The First Printed Map to Name the United States (Etats-Unis)
Nice example of Esnauts & Rapilly's landmark American map, generally regarded as the first map to name the United States.
This map and Lattre's map are considered the two earliest maps to use the name Etats-Unis (United States) in the title of the map.
The map delineates United States in the midst of the American Revolution, but shows a very unusual "Floride Occidente, which extends north to the mountains of North Carolina, claiming all of the future Mississippi and Alabama as part of West Florida. The region between the Mississippi and Appalachians, south of the Great Lakes, remains filled with French Forts.
A note along the Mississippi River, just south of the mouth of the Missouri River, a note reads:
Missi-sipi F qui sert de bornes aux Dominations Espagnoles et Anglo-Américaine
(Mississippi River which serves as the limits to the Spanish and Anglo-American Dominations).
West of the Great Lakes and Lac Ouinipigon (Winnipeg), the River of the West is still shown, extending toward Drake's Nouvelle Albion, with Quivia and the R. Colorado de las Martyrs shown further south. The west coast is a mix of mythical discoveries (De Font/Fuente, Juan de Fuca and Martin d'Aguilar) and the Russian discoveries.
The appearance of "Puerto de S. Francisco" is an unusual anomaly. First, it is placed well north of its true location. More interestingly, it is likely the third appearance of San Francisco Bay on a printed map, pre-dated only by Miguel Costanso's Carta Reducida Del Oceano Asiatico, Ó Mar Del Sur, Que Comprehende La Costa Oriental Y Occidental De La Peninsula De La California), (1771) and a map of America by Lopez dated 1772. The rest of the cartographic world remained ignorant of the existence of San Francisco Bay until 1790, when a copy of Costanso's map was acquired by Alexander Dalrymple in England, who thereafter published an English copy.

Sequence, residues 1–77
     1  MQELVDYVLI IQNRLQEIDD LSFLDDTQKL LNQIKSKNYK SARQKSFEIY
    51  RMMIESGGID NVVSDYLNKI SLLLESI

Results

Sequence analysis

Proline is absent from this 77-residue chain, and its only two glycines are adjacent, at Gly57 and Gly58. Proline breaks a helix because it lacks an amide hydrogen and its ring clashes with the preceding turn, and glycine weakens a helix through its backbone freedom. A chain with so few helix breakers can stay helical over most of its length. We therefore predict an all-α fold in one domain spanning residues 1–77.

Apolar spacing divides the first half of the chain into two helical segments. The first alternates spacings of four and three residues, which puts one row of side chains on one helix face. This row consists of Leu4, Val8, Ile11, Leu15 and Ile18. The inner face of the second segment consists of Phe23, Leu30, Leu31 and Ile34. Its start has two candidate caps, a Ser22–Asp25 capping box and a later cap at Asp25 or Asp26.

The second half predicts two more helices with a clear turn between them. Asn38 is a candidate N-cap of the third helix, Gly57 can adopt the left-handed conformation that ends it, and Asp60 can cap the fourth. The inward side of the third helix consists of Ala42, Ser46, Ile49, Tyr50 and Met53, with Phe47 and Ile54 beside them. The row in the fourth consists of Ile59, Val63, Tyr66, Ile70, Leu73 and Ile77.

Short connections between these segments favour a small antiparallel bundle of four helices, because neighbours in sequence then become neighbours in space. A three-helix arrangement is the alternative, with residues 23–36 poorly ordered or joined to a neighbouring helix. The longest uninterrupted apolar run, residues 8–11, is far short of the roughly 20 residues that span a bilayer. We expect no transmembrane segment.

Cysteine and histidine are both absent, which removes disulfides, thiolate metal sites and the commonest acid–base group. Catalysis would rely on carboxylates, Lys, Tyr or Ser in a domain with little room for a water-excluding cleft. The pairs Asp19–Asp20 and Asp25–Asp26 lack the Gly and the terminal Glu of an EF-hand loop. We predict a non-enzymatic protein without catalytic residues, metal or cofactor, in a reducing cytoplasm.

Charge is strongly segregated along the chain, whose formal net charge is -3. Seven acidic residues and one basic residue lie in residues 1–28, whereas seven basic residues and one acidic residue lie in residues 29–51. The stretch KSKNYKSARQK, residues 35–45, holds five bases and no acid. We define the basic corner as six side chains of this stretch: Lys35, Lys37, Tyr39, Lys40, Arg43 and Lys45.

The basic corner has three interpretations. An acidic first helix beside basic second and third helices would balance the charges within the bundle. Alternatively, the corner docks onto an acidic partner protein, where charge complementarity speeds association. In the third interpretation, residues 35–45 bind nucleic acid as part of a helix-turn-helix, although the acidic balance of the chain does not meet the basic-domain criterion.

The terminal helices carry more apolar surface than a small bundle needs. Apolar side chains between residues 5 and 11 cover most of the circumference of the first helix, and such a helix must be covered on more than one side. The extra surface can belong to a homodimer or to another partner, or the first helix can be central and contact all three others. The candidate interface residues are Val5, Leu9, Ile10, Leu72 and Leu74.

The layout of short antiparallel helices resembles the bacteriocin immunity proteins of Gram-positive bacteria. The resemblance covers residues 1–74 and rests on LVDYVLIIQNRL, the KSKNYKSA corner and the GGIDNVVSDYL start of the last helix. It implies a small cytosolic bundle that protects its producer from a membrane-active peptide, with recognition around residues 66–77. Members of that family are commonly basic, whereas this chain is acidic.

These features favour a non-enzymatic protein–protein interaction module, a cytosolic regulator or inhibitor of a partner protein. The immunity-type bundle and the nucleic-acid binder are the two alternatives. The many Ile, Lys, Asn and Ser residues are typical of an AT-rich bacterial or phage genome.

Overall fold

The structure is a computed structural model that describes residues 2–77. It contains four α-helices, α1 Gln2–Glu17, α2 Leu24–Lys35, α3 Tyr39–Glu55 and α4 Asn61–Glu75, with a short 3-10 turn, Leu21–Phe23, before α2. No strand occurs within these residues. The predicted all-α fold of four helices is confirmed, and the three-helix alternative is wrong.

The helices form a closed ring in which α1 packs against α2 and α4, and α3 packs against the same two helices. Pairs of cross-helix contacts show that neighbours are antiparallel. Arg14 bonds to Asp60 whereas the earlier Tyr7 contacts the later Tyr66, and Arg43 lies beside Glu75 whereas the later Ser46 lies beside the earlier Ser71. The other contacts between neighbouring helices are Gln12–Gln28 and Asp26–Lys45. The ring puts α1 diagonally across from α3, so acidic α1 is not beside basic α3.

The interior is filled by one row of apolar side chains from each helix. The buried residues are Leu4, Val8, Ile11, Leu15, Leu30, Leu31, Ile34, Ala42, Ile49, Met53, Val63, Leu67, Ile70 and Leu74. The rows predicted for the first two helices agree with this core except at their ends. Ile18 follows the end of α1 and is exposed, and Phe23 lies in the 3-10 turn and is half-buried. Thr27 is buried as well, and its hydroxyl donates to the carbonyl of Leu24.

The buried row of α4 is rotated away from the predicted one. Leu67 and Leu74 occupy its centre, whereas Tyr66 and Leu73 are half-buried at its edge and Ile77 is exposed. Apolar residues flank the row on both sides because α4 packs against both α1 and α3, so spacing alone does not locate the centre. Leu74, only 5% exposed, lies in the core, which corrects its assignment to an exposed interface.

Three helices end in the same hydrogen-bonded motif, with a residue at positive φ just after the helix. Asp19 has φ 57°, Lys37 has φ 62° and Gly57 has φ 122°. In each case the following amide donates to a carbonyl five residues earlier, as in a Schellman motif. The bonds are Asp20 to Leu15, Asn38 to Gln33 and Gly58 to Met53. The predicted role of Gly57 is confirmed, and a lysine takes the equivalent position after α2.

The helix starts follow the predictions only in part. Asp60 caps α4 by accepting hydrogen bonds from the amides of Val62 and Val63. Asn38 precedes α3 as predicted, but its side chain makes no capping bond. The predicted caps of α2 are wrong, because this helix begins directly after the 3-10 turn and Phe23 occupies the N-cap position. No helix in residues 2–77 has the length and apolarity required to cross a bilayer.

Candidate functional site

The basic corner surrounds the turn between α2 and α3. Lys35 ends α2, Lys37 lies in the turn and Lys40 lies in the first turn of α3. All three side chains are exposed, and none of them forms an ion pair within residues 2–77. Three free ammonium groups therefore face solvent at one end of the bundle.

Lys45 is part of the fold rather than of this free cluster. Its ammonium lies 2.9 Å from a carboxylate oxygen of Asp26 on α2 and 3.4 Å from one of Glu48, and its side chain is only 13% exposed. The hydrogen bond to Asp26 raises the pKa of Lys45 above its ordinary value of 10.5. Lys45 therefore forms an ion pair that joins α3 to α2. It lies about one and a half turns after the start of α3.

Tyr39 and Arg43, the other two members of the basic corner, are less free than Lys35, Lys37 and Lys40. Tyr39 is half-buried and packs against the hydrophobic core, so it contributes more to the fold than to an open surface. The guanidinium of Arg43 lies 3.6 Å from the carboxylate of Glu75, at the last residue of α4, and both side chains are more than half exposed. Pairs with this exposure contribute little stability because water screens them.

There are several later more common editions of the map, including one dated 1783 and one dated 1796 (An VII, in the year of the French Republic).
The map is rare on the market. AMPR / oldmaps.com locates 2 examples in dealer catalogs in the past 30 years (1999 and 2001, quite possibly the same example) and 1 copy at auction (2001).
Louis Brion de la Tour (ca. 1743-1803) was a French geographer and demographer. Little is known about Louis’ early life, but some glimpses of his professional life survive. He did achieve the title of Ingénieur Géographe du Roi. Much of his work was done in partnership with Louis Charles Desnos, who was bookseller and geographical engineer for globes to the Danish Crown. He worked on the Indicateur fidèle ou guide des voyageurs, qui enseigne toutes les routes royales between 1762 and 1785. During his career he also worked on several atlases. By 1795, he had gained a pension from the National Assembly. Perhaps this pension was granted in part because his son, also Louis Brion de la Tour (1763-1823), was an engraver who made Revolutionary prints, as well as maps.